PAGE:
The obvious question is, what are the benefits to such a workflow? “The director doesn’t like bluescreens and the crews slow down. When you don’t use a blue or greenscreen the lighting is so much better, because you don’t have all that spill going on, and the light comes from where it should. If you roto something into it and it’s done well, it looks far more realistic in the composite. So we limited ourselves to just where it was reasonable to put a bluescreen in, such as the end of the street on the back lot, where we put a bluescreen up on either end. It helped when we needed it to and it was so far back it didn’t really affect lighting. That is where Clint is very amiable. If you have to have it, then do it. But if you can do without it and you can keep getting better at it, then let’s live without it because it makes his life better, and quite frankly it makes ours better too.

    “We shot on the recently burned down back lot of Universal to gain the foreground part of a lot of the street scenes, and we opened up the streets considerably. We had a lot of extras on the back lot, but we had to add to them considerably. Then the challenges was taking the digital crowd to the next level, and making sure the audience wasn’t aware of it. We used Massive crowds and we did a lot of mocap to facilitate the animation.”
     
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  • The Massive Details
    Those crowds not only had to meander throughout the digital environment, they needed to mingle in the live action too, a very tricky aspect. Foreground extras would walk past the shoulder of the camera and into the distance winding their way into the digital crowd. Hancock and others spent two full days at House of Moves working mocap with Phillip Hartman, testing and expanding the limits of Massive. “We needed to push a lot closer, the faces to look better, and the natural characteristics of their walking to be seamless enough to show up in the first block of pedestrians,” said Hancock. “That was a lot of reengineering things on our end, everything from technology to common work practices, because you weren’t able to just get away with low res models for crowd sets. We wanted to be able to push Massive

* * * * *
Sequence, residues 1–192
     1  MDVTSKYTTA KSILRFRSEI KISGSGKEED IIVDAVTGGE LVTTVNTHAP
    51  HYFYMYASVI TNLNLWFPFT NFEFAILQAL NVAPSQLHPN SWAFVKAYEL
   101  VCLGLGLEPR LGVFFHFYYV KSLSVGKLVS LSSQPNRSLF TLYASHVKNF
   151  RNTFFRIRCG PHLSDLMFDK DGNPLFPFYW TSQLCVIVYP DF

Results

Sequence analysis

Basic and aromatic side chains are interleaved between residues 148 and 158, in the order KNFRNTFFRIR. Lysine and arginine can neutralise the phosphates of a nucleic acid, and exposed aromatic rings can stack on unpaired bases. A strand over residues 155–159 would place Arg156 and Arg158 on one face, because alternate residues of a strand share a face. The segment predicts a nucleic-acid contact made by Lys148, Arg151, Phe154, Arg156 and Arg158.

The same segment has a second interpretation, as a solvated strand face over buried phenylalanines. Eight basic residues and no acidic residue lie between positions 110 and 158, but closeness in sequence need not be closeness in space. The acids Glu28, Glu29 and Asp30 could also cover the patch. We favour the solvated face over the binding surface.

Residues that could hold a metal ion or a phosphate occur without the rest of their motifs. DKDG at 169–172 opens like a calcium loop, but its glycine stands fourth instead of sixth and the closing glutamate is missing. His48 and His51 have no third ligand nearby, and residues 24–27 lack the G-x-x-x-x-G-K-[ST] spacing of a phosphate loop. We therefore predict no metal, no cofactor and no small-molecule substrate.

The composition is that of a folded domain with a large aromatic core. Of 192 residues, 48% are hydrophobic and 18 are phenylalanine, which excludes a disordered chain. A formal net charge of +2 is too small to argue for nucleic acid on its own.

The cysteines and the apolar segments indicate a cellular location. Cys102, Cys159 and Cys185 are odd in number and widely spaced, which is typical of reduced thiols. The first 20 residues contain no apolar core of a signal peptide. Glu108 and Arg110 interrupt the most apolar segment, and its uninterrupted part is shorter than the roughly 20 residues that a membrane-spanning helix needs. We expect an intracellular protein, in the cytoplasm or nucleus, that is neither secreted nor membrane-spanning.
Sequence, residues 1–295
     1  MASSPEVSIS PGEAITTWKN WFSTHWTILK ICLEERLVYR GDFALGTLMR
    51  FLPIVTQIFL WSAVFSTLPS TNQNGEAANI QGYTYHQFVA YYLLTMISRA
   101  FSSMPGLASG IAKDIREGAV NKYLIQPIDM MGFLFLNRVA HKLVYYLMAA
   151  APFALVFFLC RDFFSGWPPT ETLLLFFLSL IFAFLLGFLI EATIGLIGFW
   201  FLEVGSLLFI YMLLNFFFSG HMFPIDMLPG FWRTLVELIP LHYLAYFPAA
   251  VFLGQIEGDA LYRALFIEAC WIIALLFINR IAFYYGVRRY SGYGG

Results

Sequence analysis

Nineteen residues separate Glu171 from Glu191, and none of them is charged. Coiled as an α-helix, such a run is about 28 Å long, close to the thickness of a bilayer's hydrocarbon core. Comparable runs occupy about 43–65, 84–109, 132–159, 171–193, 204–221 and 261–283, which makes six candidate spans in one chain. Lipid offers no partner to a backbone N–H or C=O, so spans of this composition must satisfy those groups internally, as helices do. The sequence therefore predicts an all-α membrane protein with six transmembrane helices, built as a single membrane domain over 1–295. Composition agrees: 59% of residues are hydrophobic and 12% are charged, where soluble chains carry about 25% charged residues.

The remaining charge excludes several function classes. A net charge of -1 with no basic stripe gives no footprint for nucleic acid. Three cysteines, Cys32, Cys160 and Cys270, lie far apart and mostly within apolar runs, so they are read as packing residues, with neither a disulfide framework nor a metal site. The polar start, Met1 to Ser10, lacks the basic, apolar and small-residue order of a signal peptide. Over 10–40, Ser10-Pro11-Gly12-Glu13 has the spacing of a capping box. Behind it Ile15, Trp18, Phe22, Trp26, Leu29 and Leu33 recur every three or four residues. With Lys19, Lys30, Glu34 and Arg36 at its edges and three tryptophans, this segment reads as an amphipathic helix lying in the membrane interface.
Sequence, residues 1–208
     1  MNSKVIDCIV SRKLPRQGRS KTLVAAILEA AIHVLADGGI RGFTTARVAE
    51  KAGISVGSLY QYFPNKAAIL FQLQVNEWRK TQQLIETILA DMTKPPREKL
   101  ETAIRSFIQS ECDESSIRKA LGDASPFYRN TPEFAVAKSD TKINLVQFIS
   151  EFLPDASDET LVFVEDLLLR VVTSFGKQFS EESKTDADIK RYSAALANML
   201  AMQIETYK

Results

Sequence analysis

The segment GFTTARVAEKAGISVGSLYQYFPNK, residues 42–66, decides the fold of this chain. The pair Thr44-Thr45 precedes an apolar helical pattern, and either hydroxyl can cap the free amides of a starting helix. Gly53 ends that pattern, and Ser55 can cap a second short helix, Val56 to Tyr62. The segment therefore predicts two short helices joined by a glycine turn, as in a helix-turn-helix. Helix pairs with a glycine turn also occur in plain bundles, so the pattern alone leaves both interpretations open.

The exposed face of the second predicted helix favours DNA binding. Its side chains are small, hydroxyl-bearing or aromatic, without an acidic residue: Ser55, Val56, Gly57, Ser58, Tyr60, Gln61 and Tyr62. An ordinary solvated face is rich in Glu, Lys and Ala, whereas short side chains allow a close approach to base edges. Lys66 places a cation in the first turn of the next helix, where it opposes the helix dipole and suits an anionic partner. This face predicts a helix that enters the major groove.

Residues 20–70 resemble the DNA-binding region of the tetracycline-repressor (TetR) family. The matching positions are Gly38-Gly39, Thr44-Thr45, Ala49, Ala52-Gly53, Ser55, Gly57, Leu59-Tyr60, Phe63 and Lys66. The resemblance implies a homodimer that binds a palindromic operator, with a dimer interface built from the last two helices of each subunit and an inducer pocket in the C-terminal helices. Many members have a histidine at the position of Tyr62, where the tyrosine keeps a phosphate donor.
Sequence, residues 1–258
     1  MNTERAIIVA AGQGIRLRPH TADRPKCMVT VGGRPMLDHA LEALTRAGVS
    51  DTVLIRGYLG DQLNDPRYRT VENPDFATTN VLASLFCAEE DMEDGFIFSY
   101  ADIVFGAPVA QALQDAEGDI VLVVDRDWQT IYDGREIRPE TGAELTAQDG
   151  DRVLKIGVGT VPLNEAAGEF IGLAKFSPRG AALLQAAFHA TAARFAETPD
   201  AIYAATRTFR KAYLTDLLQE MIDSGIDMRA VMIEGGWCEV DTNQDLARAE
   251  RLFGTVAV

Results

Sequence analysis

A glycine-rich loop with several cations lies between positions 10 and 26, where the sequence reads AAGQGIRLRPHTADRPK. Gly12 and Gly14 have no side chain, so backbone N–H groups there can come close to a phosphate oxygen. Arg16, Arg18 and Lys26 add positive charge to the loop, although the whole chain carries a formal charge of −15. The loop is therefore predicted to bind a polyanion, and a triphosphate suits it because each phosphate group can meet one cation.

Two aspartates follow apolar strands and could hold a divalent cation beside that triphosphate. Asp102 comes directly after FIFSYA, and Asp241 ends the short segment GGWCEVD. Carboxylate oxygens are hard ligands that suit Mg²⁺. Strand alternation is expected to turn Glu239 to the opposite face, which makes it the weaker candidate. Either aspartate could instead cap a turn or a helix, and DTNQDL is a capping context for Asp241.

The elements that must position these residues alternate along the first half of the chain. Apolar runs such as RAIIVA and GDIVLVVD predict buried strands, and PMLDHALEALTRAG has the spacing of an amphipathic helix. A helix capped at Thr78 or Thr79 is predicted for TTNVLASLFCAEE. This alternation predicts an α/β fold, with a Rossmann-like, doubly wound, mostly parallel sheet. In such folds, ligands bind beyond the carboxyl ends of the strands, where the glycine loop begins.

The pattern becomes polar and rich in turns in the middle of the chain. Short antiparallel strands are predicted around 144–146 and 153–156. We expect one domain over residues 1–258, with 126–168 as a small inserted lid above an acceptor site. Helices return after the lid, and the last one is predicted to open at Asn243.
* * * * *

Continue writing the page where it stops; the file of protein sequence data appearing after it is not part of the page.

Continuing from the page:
right up to the camera and see how well it held up. In a couple of shots the characters might be 40 feet away from the camera, about 1/5th screen height. The bigger the screen is, the bigger the character. He could be 10 feet tall, so everything, even his hair, better look good!

    “It worked out really well considering the density of the streets we had,” said Hancock. “But really the biggest thing we found was the believability of the people; even if they are close to the camera, you can get away with the true visual quality because you can buy the movement when you have mocap that is indistinguishable. A guy in a black suit, if he walks right, looks good. I think Michael hadn’t really trusted that we could get it that close, but as soon as he saw what we were able to do, he kept inching the characters forward. Shot by shot they were getting closer and closer to camera.”
     
    The Final Words
    The final credit roll runs for two and a half minutes with what is essentially a compilation of all the films digital work as Angelina Jolie’s character, Christine Collins, walks off to disappear in the crowded city streets and the camera pans up to reveal the miles of blocks ahead of her. In 1928, downtown LA was far bigger, congested and urban than New York City, the Mecca of urban centers, and that hustle and bustle of so many individual lives was needed to portray the message. The first two blocks there are people and CG buildings that recede into the distance to a CG downtown set extension. With Owens conducting much of the work through cineSync from his Idaho home, the nearly 4,000 frames were massaged to perfection.